ISIS militants plotted to burn city to the ground to show power in the Philippines

It was a terrorist plot to burn a city of 200,000 people to the ground and ISIS militants were behind it, according to the Associated Press.

Philippines military officials tell NBC News it is close to retaking the southern city of Marawi. This is after ISIS extremists planned to burn the city to the ground in order to show how powerful the terrorist organization is.

See images of life in the city occupied by ISIS:

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Life in Marawi, Philippines
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Life in Marawi, Philippines
Evacuees walk past a government soldier who is manning a checkpoint at a main street of Marawi city, after government troops' continuous assault with insurgents from the so-called Maute group, who has taken over large parts of the city, in Marawi City, southern Philippines May 27, 2017. REUTERS/Romeo Ranoco
Residents load their belongings into a tricycle as they prepare to evacuate Marawi on the southern island of Mindanao on May 26, 2017, as the battle between government troops and Islamist militants continue. Foreigners are among Islamist gunmen battling security forces in a southern Philippine city, the government said May 26 as the reported death toll from four days of clashes climbed to 46. / AFP PHOTO / TED ALJIBE (Photo credit should read TED ALJIBE/AFP/Getty Images)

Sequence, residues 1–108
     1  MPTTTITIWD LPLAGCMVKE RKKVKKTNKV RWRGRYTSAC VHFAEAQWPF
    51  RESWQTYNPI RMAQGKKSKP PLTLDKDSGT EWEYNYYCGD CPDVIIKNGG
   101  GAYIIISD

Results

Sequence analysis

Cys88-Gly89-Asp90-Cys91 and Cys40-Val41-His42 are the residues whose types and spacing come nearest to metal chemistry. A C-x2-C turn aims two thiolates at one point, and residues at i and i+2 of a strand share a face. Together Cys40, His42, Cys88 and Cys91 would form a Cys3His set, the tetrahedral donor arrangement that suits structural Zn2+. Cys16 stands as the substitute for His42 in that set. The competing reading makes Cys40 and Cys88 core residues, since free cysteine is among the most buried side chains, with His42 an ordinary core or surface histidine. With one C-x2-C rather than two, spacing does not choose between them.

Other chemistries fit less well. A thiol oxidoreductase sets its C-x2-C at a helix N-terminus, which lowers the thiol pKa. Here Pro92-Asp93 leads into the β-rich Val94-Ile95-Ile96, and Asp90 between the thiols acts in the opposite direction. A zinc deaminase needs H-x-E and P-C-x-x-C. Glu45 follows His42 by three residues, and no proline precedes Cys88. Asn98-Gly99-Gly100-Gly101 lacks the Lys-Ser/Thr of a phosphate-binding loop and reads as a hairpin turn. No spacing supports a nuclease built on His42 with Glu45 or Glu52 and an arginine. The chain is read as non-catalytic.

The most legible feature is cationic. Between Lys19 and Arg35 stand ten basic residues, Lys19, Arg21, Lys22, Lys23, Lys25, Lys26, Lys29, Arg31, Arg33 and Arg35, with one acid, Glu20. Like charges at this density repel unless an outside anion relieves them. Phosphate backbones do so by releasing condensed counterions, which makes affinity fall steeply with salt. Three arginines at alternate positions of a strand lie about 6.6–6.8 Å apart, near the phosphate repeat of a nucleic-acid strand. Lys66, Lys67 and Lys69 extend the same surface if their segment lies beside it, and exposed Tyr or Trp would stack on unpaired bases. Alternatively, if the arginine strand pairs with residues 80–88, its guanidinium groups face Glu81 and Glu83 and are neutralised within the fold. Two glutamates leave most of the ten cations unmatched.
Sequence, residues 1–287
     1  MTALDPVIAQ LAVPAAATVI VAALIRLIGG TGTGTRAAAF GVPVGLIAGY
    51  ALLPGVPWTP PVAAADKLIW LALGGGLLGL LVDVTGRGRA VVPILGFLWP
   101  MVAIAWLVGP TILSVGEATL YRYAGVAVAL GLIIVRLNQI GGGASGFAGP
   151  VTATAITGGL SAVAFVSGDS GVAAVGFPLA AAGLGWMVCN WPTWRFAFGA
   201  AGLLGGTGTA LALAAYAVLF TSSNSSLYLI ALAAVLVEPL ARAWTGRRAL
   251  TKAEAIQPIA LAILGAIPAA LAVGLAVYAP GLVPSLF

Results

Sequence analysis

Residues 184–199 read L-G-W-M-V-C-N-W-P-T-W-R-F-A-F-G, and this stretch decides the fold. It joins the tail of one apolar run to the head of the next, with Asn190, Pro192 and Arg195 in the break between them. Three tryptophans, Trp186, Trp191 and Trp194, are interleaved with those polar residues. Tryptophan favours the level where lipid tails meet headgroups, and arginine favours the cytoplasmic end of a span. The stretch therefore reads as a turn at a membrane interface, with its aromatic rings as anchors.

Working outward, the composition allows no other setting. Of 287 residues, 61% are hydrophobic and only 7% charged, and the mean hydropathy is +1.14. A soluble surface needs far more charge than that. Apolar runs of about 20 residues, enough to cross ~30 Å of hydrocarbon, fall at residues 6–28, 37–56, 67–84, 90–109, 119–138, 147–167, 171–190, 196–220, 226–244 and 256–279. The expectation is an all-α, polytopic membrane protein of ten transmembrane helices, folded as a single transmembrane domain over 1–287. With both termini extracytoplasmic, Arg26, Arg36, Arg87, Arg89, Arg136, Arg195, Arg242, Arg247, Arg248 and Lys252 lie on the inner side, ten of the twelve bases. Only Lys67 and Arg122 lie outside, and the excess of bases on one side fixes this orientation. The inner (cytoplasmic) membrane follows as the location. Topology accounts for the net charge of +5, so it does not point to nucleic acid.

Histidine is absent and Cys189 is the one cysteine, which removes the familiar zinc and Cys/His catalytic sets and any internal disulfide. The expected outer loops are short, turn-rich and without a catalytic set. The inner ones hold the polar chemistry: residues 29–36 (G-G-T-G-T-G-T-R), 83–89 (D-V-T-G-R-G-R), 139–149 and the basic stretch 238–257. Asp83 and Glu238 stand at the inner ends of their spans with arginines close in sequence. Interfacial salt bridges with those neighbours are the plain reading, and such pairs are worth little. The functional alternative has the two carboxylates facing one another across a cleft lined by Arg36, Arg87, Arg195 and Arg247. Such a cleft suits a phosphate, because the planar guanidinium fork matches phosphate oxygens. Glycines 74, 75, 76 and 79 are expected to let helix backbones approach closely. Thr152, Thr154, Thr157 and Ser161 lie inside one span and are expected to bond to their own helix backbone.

A man displaced by fighting between government soldiers and Maute group, cooks rice at a makeshift evacuation centre outside a military camp in Marawi City in southern Philippines May 30, 2017. REUTERS/Erik De Castro
Philippine Marines smile at the media near the stronghold of Maute group in Marawi City in southern Philippines May 30, 2017. REUTERS/Erik De Castro
A woman displaced by fighting between government soldiers and Maute group rests near a cat at a makeshift evacuation centre in Marawi City, southern Philippines May 30, 2017. REUTERS/Erik De Castro
A government soldier taking a break stands near a military vehicle inside a military camp in Marawi City, southern Philippines May 30, 2017. REUTERS/Erik De Castro
Residents displaced by fighting between government soldiers and Maute group, fetch water in Marawi City in southern Philippines May 30, 2017. REUTERS/Erik De Castro
Government soldiers fighting the Maute group take a break inside a military camp in Marawi City, southern Philippines May 30, 2017. REUTERS/Erik De Castro
Residents displaced by fighting between government soldiers and Maute group, rest on a hammock outside a military camp in Marawi City in southern Philippines May 30, 2017. REUTERS/Erik De Castro
A cat walks past government soldiers fighting the Maute group in Marawi City, Philippines May 28, 2017. REUTERS/Erik De Castro
Residents who were displaced due to fighting between government soldiers and the Maute militant group, display a white flag at a house in Marawi City in southern Philippines May 28, 2017. REUTERS/Erik De Castro